Asia's Future: A Conversation with Maurice R. Greenberg
The bottom line is this: you can’t have it all one way. There has to be a balance. Things change and periodically trade agreements have to be reviewed to make sure that you’re getting the results that you intended, and to check whether a change has taken place that requires some modification—that is always the case, so I don’t fault that. But the tone you adopt, how you say it and how you go about it, is very important. Mutual benefit, not a futile attempt to extract unilateral concessions and pocket the gains, is the key.
Heilbrunn: So are we ceding the ground globally, as some claim, to China?
Greenberg: I think we are conceding a great deal of it. Appearances are very important.
Heilbrunn: There was an article today by former national security advisor Susan Rice in the New York Times saying that Trump is inadvertently making China great again.
Greenberg: That is exactly right. And you know, the Party Congress did a great deal for President Xi. He is the unquestioned leader now, at the status level virtually of Mao Zedong. He has a second term for five years, but nobody on the Standing Committee of seven is being prepared to be the president—they will fall for the age limit. So the likelihood is that President Xi, if I had to make a wager, if he stays in good health, will be around for more than another five years.
Heilbrunn: What about the prognosis for Russia? There’s Putin, and then what happens next?
Greenberg: Well, he will be around until he dies. He is not a president, he is an authoritarian.
Heilbrunn: How did Russia end up going down this road?
Greenberg: The Chinese as well are looking at that, at what happened to Russia—or the Soviet Union after 1989 when it ended up collapsing—and they don’t want to make the same mistake of promoting policies that lead to internal dissolution. So in that sense, Russia, from the Chinese viewpoint, is an example of what not to do.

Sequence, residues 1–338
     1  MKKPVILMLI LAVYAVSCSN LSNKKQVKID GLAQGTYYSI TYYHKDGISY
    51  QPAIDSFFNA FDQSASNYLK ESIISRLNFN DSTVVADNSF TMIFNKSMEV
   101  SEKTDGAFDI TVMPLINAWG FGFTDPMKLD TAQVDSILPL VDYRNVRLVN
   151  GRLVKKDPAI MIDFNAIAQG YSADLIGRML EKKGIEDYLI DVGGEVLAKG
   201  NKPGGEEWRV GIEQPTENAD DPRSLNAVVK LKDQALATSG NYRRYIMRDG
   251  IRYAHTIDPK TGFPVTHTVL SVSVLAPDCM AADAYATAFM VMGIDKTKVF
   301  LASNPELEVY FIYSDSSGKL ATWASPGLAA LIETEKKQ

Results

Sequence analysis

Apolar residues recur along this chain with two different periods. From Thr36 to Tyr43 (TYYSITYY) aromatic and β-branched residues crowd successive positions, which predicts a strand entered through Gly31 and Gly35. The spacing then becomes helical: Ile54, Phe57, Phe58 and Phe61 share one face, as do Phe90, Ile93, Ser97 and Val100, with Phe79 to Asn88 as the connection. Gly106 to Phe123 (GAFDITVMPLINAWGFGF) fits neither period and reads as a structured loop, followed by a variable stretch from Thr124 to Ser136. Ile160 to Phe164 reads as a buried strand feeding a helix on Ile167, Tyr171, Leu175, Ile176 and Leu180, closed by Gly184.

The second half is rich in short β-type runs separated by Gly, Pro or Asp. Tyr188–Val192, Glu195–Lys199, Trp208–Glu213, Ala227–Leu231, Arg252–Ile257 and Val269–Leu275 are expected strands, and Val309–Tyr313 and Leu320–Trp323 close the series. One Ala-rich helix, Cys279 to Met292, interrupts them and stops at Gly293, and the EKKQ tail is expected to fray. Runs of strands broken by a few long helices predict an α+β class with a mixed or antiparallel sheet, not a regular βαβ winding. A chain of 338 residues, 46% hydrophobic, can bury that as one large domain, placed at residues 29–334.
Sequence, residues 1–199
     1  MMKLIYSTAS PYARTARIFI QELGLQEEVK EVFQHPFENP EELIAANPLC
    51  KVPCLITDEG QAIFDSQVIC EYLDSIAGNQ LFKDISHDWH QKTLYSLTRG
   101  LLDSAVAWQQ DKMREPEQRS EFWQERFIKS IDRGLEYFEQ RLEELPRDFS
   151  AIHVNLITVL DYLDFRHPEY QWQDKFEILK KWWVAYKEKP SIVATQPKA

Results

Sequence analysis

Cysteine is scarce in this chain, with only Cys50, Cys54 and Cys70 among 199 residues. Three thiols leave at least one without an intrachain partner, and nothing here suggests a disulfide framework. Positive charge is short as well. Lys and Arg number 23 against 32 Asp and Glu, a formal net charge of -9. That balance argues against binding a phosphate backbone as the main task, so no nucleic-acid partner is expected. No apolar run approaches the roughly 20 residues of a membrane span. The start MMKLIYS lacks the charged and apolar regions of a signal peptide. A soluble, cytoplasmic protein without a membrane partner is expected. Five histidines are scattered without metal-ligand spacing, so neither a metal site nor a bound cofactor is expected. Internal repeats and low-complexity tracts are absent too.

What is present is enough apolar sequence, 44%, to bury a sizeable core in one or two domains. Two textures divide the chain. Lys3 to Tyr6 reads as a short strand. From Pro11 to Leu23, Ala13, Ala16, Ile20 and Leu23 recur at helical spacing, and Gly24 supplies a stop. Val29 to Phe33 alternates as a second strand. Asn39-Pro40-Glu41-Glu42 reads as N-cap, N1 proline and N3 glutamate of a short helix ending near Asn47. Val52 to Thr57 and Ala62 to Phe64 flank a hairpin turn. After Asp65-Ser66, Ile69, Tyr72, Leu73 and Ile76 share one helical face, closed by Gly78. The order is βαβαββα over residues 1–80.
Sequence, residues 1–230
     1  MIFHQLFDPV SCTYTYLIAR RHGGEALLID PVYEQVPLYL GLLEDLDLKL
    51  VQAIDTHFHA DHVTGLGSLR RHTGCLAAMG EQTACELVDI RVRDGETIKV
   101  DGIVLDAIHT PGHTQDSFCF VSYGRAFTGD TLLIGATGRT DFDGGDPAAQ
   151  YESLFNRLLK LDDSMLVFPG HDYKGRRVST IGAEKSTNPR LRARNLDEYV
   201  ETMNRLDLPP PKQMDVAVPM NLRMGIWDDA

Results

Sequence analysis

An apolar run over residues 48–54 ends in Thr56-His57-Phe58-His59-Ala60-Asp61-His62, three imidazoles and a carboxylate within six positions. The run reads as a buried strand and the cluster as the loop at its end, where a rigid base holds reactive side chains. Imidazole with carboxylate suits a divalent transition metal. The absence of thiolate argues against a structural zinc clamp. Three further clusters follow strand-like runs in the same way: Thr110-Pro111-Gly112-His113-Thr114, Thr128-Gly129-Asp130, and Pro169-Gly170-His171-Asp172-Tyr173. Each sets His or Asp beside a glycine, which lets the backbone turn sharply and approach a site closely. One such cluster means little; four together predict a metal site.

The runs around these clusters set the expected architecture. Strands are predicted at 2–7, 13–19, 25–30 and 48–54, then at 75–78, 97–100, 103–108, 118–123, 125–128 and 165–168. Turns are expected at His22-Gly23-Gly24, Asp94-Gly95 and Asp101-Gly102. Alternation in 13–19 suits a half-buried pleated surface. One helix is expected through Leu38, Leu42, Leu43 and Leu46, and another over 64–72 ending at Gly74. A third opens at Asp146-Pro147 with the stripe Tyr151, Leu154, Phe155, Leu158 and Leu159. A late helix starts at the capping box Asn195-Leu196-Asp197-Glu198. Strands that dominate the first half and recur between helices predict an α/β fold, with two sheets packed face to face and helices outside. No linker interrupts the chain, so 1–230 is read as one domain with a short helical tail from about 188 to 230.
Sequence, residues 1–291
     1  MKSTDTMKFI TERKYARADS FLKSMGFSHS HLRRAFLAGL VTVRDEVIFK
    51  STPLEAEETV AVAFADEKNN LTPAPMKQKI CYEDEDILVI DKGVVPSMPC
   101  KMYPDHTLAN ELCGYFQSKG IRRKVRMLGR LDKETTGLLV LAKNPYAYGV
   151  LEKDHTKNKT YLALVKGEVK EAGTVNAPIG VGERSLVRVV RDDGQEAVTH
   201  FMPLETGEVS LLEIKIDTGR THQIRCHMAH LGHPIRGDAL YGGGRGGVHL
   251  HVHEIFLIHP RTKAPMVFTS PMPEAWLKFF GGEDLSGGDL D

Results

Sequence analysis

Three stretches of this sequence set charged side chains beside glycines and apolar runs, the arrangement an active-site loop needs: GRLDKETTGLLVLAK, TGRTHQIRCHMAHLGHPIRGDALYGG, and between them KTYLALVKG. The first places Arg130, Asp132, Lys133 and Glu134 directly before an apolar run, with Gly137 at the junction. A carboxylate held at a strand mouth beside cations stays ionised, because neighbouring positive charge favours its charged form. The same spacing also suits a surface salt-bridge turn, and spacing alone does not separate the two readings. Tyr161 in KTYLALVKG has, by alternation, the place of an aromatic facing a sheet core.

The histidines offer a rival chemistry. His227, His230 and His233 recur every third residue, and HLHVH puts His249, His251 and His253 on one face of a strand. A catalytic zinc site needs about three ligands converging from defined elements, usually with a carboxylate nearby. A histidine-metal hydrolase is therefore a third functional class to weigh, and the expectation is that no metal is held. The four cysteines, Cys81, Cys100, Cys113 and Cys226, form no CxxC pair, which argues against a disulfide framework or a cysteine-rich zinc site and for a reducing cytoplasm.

Heilbrunn: Tensions are mounting in another region: the Middle East. How do you view the region’s future?
Greenberg: If Lebanon goes down, Iran is the winner. If Saudi Arabia then becomes in danger, we will probably be there to help them. Russia has been on the side of Iran; we’ve got to neutralize the Iranians.
Heilbrunn: Do you foresee another war in the Middle East?
Greenberg: It can happen—and we would be involved.
Heilbrunn: How likely is it that Trump would reach some kind of an accommodation with Moscow?
Greenberg: I would say this: a world where the U.S. and China are allies is a much safer world than if China and Russia are allies. That would be a concern. So we have to keep that from occurring. We have to try and neutralize Russia, not give in to them, but on the other hand, not treat them like they are a third-rate country.
Heilbrunn: So you prefer a kind of Asia-first foreign policy: join up as far as possible with China to promote world stability.
Greenberg: Yes, but we have to have a good relationship with India at the same time. China is going to resist that.
Heilbrunn: Do you think India’s in fact more likely to do well than China in the coming decades? There’s a lot of speculation there as well.
Greenberg: It will take more than a decade. They’ve got some real serious problems. Even Apple is having some trouble in India; Amazon wants to deal there; there are some smart people, but you look at the people, and how many are doing well and how many are not. They have a long way to go. The climate is getting worse, not better; education is lagging.
Heilbrunn: So you would put your chips on China, as it were.
Greenberg: Absolutely. Change in China is startling. Even in technology, the way things are going, they’ll be the first nation to have electric cars in numbers.
Heilbrunn: When you look at the state of America right now, where the political system, even with Republican majorities, has essentially ground to a halt, are you feeling less optimistic about America’s future, or do you think we’re going to emerge from this in good shape?
Greenberg: All during history, there have been rising powers and declining powers. You had the Greek Empire, the Roman Empire, the French Empire and the British Empire; what happened? They reach a certain point, and their population changes—the mix of the population, the development of the population—a country that is united becomes splintered and becomes a declining power. What is happening here? During my lifetime, I’ve never seen the country so divided. Two totally different countries. We are declining until we get that turned around.
And China—in everything I’ve seen and read, I’ve never seen a nation develop so rapidly. A country with a billion, four hundred million people with a history that goes back many hundreds of years, and for hundreds of years was static—look what is happening, in a relatively brief time. Since I first went to China, it’s like a different country today. That is a reality.
Heilbrunn: What is your assessment of Trump as president?